Now if all of this has given you anxiety about packing for your trip, there is a simpler way. Shipping your sticks is a fairly common practice in the US and now is pretty much available worldwide. In the UK, ParcelForce proudly boasts that they can deliver clubs to ANY course in the UK – as well as 240 distinct countries and territories around the world. Other companies operating the same service in the UK and within Europe include SendMyBag, ParcelMonkey, MyBaggage, and Luggage Mule.
No matter who you fly with there are some common questions that you might want answers to before even thinking about jetting off with your clubs. Here are some pointers to get you going in the right direction.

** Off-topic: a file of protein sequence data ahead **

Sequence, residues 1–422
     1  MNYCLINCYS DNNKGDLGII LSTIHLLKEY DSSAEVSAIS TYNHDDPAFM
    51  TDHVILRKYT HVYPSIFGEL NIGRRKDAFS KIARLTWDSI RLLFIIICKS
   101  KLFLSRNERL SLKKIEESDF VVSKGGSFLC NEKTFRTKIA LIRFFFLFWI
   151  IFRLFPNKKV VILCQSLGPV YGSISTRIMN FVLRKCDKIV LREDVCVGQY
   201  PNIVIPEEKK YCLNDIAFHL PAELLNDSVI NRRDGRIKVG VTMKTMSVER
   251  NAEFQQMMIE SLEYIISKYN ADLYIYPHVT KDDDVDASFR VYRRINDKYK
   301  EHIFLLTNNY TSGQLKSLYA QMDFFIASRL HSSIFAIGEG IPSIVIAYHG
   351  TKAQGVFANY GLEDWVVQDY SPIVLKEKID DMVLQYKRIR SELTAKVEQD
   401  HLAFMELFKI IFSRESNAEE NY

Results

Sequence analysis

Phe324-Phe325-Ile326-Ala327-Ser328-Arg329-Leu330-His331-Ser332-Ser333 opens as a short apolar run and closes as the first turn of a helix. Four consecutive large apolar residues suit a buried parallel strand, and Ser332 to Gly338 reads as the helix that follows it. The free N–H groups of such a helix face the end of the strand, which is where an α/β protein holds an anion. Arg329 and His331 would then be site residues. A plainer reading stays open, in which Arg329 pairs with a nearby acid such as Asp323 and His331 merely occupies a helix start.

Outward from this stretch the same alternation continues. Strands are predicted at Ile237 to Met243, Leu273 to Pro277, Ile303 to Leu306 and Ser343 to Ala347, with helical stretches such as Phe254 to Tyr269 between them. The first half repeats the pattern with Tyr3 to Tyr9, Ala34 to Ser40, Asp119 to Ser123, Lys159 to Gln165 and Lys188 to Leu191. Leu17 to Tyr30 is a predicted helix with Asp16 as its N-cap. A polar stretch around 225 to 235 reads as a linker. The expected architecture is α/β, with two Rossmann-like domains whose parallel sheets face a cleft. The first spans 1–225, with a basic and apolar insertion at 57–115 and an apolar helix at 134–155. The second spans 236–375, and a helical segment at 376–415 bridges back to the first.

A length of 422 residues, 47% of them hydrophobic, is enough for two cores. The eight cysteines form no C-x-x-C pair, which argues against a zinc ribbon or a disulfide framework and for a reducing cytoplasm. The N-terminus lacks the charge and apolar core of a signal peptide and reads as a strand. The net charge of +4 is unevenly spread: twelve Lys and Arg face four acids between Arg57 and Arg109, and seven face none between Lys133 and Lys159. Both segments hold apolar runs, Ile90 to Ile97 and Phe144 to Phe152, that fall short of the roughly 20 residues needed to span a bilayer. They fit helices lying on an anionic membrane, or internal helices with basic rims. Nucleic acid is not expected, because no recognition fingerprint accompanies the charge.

How do I protect my golf clubs when flying?
A good golf travel bag will go a long way in the effort to protect your clubs during transit. Hard-sided bags are generally considered the best for protecting the contents. This is because the materials will withstand multiple trips. Most of which are complimented with a soft inner material that allows the clubs to sit comfortably against light materials. If your current bag isn’t up to scratch, you should consider getting a new one. Other items like club protectors can be put in your bag and will hold the clubs in place during transit, can be useful but won’t fit in all bags.
Here is our recommended list of travel golf bags to protect your clubs during a flight. We highly recommend you to check them out.
Learn more about this in our article: flying with golf clubs
How much does it cost to take golf clubs on a plane in the UK?